Background: Rare diseases are generally poorly understood from scientific and medical standpoints due, to their complexity and low prevalence. As a result, individuals living with rare diseases struggle to obtain timely diagnoses and suitable care. These clinical difficulties add to the physical and psychological impacts of living with chronic and often severe medical conditions. From the standpoint of pragmatist ethics, the morally problematic situations that adults living with rare diseases experience matter crucially. However, there is little known about these experiences.
Methods: A survey study was conducted with 121 adults living with rare diseases in Québec, Canada, to identify morally problematic situations encountered in the healthcare system and everyday life as part of a participatory action research project. Morally problematic situations elicited internal tensions and constraints to agency.
Results: Adults living with rare diseases experienced morally problematic situations of stigmatization, disbelief, and sometimes abuse in the healthcare system. These situations were compounded by diagnostic delays, inadequate care, and suboptimal follow-up, and led some individuals to opt-out of medical care. In their personal lives, these individuals sometimes found themselves in situations of physical and financial dependency. They often also had to give up professional occupations, academic training, or life projects.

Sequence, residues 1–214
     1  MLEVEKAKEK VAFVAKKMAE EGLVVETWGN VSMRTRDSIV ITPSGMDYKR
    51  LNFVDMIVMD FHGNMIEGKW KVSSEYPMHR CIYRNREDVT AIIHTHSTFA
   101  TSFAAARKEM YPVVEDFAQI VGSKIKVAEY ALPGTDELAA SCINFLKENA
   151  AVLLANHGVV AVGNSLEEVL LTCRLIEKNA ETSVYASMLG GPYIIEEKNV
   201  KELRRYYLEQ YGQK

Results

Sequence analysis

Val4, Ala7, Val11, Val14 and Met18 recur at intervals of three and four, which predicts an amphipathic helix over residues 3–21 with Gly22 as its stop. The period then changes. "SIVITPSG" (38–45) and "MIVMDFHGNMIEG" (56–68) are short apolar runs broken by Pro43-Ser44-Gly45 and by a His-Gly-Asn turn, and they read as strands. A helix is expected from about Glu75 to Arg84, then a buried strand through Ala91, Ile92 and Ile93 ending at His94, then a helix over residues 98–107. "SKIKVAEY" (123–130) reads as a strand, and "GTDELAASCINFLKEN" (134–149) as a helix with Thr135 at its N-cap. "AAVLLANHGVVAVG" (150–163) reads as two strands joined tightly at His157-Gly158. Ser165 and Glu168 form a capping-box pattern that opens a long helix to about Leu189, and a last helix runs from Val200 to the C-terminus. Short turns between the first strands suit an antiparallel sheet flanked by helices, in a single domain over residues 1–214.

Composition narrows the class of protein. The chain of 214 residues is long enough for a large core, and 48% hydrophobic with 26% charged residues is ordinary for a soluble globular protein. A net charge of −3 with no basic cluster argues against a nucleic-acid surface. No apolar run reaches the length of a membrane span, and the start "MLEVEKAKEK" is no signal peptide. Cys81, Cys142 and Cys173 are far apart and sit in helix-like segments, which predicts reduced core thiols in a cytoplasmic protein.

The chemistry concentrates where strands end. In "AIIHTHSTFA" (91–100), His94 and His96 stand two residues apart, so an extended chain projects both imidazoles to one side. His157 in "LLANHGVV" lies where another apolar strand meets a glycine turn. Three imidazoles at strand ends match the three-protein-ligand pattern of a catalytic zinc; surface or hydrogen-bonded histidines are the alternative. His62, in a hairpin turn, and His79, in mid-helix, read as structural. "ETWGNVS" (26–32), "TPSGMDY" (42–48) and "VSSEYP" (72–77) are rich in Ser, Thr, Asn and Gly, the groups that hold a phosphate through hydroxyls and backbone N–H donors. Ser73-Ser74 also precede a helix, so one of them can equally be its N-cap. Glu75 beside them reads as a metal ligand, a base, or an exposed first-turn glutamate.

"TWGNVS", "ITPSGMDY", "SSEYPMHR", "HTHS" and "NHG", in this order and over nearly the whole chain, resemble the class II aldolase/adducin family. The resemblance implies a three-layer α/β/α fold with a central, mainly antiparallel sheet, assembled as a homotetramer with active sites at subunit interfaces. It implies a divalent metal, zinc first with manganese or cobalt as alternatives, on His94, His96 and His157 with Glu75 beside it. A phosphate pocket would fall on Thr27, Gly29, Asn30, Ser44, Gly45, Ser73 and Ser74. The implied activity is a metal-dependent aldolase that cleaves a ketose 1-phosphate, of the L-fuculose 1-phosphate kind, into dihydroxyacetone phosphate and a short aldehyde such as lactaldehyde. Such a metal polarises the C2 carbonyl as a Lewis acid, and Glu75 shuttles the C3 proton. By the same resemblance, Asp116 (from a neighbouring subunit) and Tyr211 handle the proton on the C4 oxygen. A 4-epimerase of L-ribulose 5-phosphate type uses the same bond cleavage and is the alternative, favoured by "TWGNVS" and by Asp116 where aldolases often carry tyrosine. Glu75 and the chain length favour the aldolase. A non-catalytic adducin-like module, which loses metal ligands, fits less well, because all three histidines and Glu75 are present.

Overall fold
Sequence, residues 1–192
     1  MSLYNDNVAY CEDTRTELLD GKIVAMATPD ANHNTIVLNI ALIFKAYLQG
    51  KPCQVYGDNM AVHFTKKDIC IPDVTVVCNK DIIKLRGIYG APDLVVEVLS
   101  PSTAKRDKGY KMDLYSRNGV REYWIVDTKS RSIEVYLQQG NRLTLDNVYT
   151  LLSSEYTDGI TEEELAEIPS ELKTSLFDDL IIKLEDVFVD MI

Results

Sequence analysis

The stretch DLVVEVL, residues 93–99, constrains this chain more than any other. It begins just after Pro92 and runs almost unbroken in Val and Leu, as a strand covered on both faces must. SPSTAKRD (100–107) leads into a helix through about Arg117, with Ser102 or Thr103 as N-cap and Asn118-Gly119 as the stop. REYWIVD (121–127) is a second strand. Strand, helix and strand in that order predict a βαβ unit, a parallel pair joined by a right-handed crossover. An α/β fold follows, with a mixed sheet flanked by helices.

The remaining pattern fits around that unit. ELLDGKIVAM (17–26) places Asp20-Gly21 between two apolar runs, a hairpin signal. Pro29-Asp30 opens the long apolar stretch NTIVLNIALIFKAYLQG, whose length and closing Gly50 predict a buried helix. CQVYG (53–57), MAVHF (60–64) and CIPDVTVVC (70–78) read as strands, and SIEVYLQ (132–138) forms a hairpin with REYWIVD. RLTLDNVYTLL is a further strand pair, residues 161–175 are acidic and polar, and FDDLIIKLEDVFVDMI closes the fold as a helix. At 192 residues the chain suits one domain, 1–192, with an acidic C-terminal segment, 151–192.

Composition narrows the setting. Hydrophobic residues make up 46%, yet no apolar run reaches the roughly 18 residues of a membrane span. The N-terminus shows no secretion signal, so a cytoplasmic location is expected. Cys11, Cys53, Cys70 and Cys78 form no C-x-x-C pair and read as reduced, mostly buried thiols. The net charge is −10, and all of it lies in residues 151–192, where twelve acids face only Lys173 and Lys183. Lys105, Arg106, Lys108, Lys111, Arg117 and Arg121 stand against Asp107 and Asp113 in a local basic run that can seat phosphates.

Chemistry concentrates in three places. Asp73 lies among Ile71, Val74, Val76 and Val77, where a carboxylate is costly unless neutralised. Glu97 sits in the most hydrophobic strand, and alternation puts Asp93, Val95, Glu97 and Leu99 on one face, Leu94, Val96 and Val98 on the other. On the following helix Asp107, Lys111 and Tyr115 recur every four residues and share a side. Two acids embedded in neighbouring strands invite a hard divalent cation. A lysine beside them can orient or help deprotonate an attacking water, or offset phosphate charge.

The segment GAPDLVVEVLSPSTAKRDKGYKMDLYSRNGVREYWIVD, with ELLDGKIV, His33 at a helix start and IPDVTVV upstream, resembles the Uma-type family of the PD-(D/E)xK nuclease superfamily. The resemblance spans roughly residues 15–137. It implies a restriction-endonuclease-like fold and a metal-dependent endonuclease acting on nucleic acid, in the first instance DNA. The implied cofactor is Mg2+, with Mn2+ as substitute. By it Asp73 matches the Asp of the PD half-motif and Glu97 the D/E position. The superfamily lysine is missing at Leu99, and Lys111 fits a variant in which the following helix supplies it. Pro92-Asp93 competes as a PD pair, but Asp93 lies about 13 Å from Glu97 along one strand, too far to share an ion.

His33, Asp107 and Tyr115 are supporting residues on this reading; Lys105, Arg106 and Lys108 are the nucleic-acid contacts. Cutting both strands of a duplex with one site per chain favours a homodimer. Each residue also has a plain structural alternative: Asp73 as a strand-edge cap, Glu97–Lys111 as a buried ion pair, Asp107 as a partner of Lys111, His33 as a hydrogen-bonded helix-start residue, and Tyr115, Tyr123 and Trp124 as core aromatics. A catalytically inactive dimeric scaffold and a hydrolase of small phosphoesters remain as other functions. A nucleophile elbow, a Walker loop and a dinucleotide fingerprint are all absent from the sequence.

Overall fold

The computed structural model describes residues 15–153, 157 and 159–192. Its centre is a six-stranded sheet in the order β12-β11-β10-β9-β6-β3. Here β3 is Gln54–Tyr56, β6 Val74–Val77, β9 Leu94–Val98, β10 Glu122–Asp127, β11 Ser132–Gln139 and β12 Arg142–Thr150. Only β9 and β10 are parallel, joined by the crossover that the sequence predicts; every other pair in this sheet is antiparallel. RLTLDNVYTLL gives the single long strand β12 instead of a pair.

Conclusions: Adults living with rare diseases experience important morally problematic
situations navigating the healthcare system and their everyday lives, some of which could be
alleviated through interventions developed through future participatory action research.